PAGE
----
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Allergies, grumpiness, hurting tummy and fatigue

(17 Posts)
BlueBumedFly Sat 10-Nov-12 18:40:45

My DD (5) had to go to the out of hours doc service today as she has had 2 weeks of tonsillitis and now ulcered tonsils. When we walked in he asked what her allergies were before we'd even discussed them. Apparently her lip was a give-away, showing signs of permanently being swollen. Embarrassingly enough I thought it was just always like that ....

She was diagnosed with penicillin allergy at 8 months, eggs at 3 y/o, wheat intolerance and is allergic to atopic anaesthetic. However, I though we were past the eggs and wheat. He was so concerned about a chronic underlying issue that he has referred us to Great Ormond Street Hospital.

Usually she is a bouncy tigger type child, very funny and happy. However in the last month she has been practically morose, sad, struggling with friends etc.

Does anyone else have a link with allergy and mood with their DCs? I just want my happy girl back sad

freefrommum Sun 11-Nov-12 09:02:11

You mention wheat intolerance but has she ever be tested for coeliac disease? It would explain her symptoms but of course so could many other things. It's good that your GP is referring her, hopefully you will get some answers that way. In order to be tested for coeliac disease she would need to be eating gluten for at least 6 weeks so might be worth discussing this with the GP before the referral.

BlueBumedFly Sun 11-Nov-12 09:16:48

Yes, she was tested for wheat and it came back ok.

freefrommum Mon 12-Nov-12 09:07:09

Sorry but I'm not sure you we're talking about the same thing. I'm not talking about being tested for wheat intolerance or wheat allergy but coeliac disease which is an autoimmune disease, not an intolerance or allergy at all. Coeliac disease causes the body to react to gluten found in wheat but also barley and rye. There are specific blood tests for coeliac disease that test for certain antibodies. However, the blood tests are not always accurate and if there is a strong suspicion of coeliac disease but a negative test result then it is sometimes recommended that the person has a biopsy as this is the 'gold standard' for diagnosing coeliac disease.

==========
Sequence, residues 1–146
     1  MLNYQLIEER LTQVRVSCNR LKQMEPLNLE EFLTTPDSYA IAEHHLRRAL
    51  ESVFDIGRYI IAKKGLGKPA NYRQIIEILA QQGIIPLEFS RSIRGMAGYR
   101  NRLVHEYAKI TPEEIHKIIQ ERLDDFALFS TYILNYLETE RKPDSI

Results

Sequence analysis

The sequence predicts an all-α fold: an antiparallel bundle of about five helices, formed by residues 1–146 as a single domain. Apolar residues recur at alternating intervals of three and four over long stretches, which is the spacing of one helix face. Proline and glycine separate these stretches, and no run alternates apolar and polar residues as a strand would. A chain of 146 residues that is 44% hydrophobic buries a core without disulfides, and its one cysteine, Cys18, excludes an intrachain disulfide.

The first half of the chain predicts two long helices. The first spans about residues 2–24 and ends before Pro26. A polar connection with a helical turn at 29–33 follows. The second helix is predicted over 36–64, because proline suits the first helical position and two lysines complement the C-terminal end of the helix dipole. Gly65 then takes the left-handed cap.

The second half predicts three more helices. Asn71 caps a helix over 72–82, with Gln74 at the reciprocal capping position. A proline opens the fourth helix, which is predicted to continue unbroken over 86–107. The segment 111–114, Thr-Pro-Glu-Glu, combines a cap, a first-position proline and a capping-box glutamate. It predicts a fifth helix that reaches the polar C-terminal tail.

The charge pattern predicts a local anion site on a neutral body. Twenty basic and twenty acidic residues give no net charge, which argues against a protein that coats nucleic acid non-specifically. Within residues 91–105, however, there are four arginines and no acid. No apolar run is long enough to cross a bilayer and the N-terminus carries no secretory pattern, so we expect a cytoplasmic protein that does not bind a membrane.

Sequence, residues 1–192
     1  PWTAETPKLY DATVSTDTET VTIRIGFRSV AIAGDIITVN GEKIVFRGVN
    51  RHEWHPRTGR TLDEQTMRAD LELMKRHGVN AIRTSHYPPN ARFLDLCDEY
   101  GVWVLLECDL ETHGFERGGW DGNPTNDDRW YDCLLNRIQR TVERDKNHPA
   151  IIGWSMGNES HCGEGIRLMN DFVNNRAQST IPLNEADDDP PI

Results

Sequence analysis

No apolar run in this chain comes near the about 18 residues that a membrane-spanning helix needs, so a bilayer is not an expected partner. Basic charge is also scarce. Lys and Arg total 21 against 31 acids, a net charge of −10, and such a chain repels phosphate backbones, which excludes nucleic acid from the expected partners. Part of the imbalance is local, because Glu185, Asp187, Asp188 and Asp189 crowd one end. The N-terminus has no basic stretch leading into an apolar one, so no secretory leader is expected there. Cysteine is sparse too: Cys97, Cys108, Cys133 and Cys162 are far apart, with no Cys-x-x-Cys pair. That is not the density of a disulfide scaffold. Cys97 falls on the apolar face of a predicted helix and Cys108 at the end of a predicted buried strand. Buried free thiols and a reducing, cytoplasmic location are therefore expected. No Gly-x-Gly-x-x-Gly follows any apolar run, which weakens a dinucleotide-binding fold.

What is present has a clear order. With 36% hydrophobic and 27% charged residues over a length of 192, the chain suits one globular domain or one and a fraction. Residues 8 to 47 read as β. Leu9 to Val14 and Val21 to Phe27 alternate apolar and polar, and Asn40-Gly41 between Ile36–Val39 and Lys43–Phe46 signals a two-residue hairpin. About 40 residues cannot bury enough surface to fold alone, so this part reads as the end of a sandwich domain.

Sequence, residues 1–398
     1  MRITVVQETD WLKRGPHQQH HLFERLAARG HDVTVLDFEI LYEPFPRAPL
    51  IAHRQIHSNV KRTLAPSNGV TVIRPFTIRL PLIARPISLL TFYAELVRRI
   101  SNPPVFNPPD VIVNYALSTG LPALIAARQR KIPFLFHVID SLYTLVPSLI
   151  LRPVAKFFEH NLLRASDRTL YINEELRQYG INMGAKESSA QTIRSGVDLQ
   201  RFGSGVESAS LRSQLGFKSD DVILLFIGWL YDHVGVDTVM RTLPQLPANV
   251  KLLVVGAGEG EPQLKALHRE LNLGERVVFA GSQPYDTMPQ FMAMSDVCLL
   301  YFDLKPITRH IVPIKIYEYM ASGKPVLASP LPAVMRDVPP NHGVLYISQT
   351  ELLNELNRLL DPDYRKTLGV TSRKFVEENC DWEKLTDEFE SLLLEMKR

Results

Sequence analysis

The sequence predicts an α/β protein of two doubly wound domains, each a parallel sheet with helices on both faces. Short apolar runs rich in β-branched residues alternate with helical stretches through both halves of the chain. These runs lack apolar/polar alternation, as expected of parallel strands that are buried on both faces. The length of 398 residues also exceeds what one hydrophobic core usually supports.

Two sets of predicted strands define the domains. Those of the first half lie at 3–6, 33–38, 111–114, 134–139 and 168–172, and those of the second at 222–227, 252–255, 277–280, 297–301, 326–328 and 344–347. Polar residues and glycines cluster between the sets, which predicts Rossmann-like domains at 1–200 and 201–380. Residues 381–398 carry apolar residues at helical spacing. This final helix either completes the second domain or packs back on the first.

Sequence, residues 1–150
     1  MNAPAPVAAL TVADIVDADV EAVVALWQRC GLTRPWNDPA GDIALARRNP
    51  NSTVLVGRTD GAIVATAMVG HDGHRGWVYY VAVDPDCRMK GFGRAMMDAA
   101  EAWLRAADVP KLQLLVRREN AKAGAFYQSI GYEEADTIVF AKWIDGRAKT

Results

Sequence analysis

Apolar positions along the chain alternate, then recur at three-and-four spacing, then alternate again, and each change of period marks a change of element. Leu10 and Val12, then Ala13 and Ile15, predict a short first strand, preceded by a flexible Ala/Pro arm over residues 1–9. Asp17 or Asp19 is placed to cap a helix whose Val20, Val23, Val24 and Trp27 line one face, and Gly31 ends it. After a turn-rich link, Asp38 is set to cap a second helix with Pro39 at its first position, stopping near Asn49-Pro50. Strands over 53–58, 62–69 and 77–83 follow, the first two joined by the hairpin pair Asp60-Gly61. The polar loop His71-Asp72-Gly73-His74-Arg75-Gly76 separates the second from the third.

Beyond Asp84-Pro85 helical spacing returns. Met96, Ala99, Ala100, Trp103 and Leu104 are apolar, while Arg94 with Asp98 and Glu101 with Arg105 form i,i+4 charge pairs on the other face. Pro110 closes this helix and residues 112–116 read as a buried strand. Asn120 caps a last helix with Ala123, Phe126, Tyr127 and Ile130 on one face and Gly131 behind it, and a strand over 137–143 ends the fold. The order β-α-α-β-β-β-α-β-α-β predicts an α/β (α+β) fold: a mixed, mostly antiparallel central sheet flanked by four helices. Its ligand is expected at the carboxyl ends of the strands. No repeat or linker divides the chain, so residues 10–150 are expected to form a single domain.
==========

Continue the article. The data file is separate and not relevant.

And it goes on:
2madboys Mon 12-Nov-12 13:41:30

My DH has coeliac disease. A couple of years before he was diagnosed he suffered a bout of mild depression. Although this was sorted out with some counselling and a few lifestyle changes, we're now sure that this was probably due to his undiagnosed coeliac disease (in retrospect I think he'd had it at least 10 years before diagnosis). When he eats something contaminated he gets really miserable and grumpy. We've found that GP's (well ours particularly) don't really believe in the neurological symptoms, but I can assure you that they exist. Definitely get a test as if he has coeliac and continues to eat gluten, it can damage his insides.

freefrommum Mon 12-Nov-12 15:46:57

Very true 2madboys, my DD totally lost her sparkle before her diagnosis, it was like the light had gone out in her eyes. It was so lovely to get my girl back once she was gluten free.

megandraper Tue 13-Nov-12 09:17:49

Very similar symptoms to my DS before he was diagnosed for coeliac (age 4).

A blood test for coeliac will help. However, if you have already cut wheat out of her diet, she may be having too little gluten for a positive test but enough to do damage (gluten is also in barley and rye - plus it is a cross-contaminant in many items like oats - don't know how careful you have to be with the wheat allergy but coeliacs have to scrupulously avoid cross-contamination).

I would definitely start with a coeliac blood test. Your DD also sounds like she could be anaemic (a frequent side-effect of coeliac) so that should be tested for too.

megandraper Tue 13-Nov-12 09:18:41

Oh, just re-read and it looks like you're not cutting wheat out of her diet.